It's an irresistible combination: Brad Meltzer, a born storyteller, counting down the world's most intriguing unsolved mysteries. Adapted from Decoded, Meltzer's hit show on the History Network, History Decoded explores fascinating, unexplained questions. Is Fort Knox empty? Why was Hitler so intent on capturing the Roman "Spear of Destiny"? What's the government hiding in Area 51? Where did the Confederacy's $19 million in gold and silver go at the end of the Civil War? And did Lee Harvey Oswald really act alone?
Meltzer sifts through the evidence; weighs competing theories; separates what we know to be true with what's still - and perhaps forever - unproved or unprovable; and in the end, decodes the mystery, arriving at the most likely solution. Along the way we meet Freemasons, Rosicrucians, Nazi propagandists, and the real DB Cooper.Writing
This is definitely history lite. It's easy to read and understand and goes by quickly. There's no necessary background knowledge or deeper analysis required on the part of the reader. It's not poorly written, but it's not something I'd consider academic by any means. I thought it was readily apparent that the book was written with a "co-author"/ghost writer and that the Meltzer name was attached for the sake of drawing in show viewers. Nothing great to report in terms of writing quality. I was also disappointed that the author included no source material, references, or citations.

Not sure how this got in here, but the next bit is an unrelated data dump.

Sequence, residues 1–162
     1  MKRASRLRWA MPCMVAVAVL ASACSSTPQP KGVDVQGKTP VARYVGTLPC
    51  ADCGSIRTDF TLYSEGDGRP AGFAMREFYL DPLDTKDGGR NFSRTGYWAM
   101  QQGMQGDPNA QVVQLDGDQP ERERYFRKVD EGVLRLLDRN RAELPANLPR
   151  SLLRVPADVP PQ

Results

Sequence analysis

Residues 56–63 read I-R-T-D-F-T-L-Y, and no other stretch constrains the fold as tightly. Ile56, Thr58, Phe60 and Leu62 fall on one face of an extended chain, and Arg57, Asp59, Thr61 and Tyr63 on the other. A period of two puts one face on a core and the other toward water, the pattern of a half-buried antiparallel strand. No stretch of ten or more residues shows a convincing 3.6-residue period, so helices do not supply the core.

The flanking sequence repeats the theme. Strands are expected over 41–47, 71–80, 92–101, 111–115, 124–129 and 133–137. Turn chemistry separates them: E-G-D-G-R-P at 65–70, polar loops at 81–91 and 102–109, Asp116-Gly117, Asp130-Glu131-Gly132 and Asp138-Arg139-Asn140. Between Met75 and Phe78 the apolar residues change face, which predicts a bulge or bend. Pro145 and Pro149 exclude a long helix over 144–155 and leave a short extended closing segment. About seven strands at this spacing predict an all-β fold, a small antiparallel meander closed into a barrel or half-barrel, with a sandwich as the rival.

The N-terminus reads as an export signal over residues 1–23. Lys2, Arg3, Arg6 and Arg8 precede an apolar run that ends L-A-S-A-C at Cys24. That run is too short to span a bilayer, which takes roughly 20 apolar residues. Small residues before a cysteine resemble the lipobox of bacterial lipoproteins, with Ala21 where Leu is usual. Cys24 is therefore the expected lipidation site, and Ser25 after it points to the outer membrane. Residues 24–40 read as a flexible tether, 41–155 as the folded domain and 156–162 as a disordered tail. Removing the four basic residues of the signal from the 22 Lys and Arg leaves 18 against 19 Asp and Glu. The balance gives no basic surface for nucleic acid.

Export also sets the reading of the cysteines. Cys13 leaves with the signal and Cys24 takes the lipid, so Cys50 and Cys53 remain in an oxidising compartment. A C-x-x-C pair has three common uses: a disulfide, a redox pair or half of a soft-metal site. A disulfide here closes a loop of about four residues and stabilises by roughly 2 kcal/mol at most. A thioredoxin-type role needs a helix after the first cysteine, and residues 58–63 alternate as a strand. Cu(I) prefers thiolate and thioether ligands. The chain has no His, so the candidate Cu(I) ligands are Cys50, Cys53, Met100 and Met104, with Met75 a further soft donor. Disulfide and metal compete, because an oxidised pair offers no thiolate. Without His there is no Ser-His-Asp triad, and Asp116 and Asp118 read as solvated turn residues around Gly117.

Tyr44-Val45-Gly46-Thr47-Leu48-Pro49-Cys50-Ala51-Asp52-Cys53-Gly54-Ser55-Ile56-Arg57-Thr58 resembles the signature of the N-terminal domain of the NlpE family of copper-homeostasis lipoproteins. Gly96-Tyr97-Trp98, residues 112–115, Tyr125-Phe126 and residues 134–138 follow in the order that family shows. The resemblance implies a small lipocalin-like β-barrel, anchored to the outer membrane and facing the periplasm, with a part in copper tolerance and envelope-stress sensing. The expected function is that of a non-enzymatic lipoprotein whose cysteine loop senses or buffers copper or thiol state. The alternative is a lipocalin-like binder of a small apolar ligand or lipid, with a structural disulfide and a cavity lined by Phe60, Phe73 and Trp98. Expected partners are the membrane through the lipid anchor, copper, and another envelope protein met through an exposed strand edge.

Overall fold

Despite having some issues with the writing and the lack of source material/citations, I did enjoy my read of the book. I felt like it gave me a good overview of some of the most popular conspiracies and I definitely learned some things about history along the way. I liked the pull out envelopes that were filled with documents relating to the conspiracy - maps, letters, that kind of thing.
I think it's a good book to read if you're looking for some historical entertainment. It would also be a great way to introduce middle grade readers or young adult readers to historical non-fiction as a genre. But I wouldn't rely on it for any academic purposes and I think of it more as a pleasure read than an educational read.